By Nishant Mahajan, Head of Executive Remuneration & Rewards Consulting – Mercer Singapore
As you may know, the Corporate Governance Council had recently elicited industry feedback regarding proposed enhancements to the Code of Corporate Governance.
Specifically with regards to remuneration disclosures, Guideline 9.2 of the Code recommends detailed disclosure, on a named basis, of the amounts and structure of individual director and CEO remuneration. In addition, Guideline 9.3 of the Code recommends similar disclosure of at least the remuneration of the top five key management personnel, in bands of S$250,000, as well as the aggregated total remuneration paid to these five key management personnel.
Multiple studies including most recently the Board of Directors Survey of 2017 by the Singapore Institute of Directors and SGX found less than half of the respondent companies complied with Guideline 9.2. Worse still, 95 per cent of those that did not comply indicated that they have no intention of doing so within the next two years.
Justifications by respondents for non-disclosures were "confidentiality of remuneration", to "prevent poaching", and to "prevent internal comparison and maintain morale".
These concerns however cannot be substantiated with any credible data from the more mature markets in the West where more stringent disclosure norms do exist. In view of the foregoing, it can be concluded that the current state of compliance with the guidelines is poor.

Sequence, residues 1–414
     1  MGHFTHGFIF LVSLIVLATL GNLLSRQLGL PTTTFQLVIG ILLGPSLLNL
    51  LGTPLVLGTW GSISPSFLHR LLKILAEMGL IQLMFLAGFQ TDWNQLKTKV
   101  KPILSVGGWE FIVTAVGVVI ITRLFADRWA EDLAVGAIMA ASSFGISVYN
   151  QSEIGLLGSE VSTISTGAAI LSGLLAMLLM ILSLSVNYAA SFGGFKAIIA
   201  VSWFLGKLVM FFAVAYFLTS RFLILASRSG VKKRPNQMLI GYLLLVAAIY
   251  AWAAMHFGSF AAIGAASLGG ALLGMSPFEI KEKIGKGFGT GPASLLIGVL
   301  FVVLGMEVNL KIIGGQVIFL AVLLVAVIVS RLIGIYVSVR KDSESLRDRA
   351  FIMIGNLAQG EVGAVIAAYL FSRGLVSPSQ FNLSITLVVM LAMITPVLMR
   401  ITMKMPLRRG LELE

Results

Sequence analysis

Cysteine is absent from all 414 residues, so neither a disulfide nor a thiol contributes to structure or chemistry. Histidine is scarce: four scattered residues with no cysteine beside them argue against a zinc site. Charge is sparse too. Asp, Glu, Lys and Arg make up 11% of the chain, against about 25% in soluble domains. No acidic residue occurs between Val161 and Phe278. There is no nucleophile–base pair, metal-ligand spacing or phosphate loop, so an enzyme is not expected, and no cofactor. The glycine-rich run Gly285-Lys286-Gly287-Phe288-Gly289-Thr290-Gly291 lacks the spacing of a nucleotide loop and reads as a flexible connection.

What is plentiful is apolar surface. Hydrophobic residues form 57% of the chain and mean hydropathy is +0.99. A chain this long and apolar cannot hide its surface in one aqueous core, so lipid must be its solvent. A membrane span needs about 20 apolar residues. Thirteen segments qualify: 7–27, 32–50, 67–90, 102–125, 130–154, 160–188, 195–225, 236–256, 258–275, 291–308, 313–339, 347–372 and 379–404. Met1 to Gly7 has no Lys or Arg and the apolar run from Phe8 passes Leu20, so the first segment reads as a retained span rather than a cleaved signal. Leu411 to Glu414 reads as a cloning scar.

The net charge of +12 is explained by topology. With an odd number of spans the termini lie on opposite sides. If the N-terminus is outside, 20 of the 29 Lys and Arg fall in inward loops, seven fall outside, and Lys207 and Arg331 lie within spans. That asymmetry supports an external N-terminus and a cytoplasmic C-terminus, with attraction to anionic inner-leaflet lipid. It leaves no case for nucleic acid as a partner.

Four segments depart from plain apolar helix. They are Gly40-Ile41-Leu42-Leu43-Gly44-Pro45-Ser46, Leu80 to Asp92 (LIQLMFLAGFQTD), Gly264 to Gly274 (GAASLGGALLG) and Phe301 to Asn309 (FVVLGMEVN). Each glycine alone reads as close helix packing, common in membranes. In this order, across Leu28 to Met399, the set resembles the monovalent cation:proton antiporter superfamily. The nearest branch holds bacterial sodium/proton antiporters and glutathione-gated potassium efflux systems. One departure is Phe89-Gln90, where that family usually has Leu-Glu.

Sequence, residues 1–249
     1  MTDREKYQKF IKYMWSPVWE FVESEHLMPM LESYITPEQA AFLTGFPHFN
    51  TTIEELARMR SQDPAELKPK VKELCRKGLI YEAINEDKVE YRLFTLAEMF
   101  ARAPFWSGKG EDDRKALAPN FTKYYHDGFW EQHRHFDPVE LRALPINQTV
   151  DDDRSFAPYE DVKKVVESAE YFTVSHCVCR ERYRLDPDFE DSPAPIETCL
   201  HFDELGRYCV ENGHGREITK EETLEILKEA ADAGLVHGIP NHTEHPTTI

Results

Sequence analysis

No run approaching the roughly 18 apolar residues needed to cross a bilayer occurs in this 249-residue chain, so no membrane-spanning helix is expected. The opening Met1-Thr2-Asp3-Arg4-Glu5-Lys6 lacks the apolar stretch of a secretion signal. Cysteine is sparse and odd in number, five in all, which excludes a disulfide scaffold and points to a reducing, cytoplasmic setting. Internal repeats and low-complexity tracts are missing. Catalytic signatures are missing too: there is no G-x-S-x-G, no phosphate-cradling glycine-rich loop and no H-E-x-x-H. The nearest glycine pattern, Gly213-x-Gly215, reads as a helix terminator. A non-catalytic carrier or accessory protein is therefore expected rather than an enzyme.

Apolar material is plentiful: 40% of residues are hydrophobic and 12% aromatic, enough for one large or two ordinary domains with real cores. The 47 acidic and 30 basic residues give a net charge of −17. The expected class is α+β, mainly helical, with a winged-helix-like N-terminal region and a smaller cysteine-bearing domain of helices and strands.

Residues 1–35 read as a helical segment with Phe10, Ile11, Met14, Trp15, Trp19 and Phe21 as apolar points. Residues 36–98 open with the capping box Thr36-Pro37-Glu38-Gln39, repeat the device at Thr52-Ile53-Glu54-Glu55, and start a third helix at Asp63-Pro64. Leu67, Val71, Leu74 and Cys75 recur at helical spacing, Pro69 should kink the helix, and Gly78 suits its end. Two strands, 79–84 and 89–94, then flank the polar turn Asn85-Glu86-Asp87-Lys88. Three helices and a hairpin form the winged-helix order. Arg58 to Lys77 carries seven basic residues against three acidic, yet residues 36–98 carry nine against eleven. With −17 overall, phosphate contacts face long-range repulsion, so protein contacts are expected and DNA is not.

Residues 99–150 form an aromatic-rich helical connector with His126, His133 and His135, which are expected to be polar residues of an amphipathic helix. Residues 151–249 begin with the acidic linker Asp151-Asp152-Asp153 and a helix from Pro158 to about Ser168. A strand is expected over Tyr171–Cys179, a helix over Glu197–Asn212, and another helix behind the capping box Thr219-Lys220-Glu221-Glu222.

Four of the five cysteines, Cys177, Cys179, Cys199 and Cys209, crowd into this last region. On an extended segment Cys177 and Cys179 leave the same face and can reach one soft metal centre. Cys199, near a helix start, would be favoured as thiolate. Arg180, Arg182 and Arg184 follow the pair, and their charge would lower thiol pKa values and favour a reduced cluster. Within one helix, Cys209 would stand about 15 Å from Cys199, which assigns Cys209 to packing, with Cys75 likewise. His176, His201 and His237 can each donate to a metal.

While we welcome the proposed changes to remuneration disclosures, including disclosing a link between remuneration and value creation (in addition to performance) and disclosure of details of remuneration to employees who are substantial shareholders or their immediate family members, at Mercer we believe that more needs to be done to drive compliance.
If we are serious about improving disclosure quality, our view is that at the very least, both Guidelines 9.1 and 9.2 should be made a listing requirement (compulsory) as opposed to a ‘comply or explain’ guidance as it currently stands.
We examine the need for this stronger enforcement here with some supporting arguments::
At Mercer, we believe that remuneration disclosures are pivotal to driving more robust governance practices for companies in Singapore, and drive meaningful improvements that are based on evidence not just opinion. We have been doing a lot of research recently on the linkages between executive remuneration and shareholder value creation to establish not just the strength of that relationship but also help identify the characteristics that drive it. Please get in touch to find out more.
Let us shape your executive compensation and rewards programs with Mercer’s expert consulting and comprehensive data, trusted by many firms before you.